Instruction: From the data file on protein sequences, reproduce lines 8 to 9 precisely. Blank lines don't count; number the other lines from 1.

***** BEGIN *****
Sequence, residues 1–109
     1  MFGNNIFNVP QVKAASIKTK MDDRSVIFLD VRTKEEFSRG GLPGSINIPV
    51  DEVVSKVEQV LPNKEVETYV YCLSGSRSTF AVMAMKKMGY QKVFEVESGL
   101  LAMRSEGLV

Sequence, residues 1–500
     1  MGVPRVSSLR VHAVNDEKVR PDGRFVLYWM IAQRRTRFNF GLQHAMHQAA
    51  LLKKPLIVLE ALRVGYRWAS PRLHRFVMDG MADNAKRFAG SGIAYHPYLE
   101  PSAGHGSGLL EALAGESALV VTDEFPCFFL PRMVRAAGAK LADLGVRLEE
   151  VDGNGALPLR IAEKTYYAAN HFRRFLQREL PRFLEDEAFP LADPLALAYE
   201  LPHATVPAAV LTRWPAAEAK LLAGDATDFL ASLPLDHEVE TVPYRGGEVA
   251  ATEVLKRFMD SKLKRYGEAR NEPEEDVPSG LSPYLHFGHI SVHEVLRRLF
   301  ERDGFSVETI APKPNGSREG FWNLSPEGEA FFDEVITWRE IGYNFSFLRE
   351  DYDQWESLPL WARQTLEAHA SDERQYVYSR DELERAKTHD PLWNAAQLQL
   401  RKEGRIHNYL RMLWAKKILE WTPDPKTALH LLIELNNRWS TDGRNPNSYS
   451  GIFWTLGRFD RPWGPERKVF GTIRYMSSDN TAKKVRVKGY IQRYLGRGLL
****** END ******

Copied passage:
   101  PSAGHGSGLL EALAGESALV VTDEFPCFFL PRMVRAAGAK LADLGVRLEE
   151  VDGNGALPLR IAEKTYYAAN HFRRFLQREL PRFLEDEAFP LADPLALAYE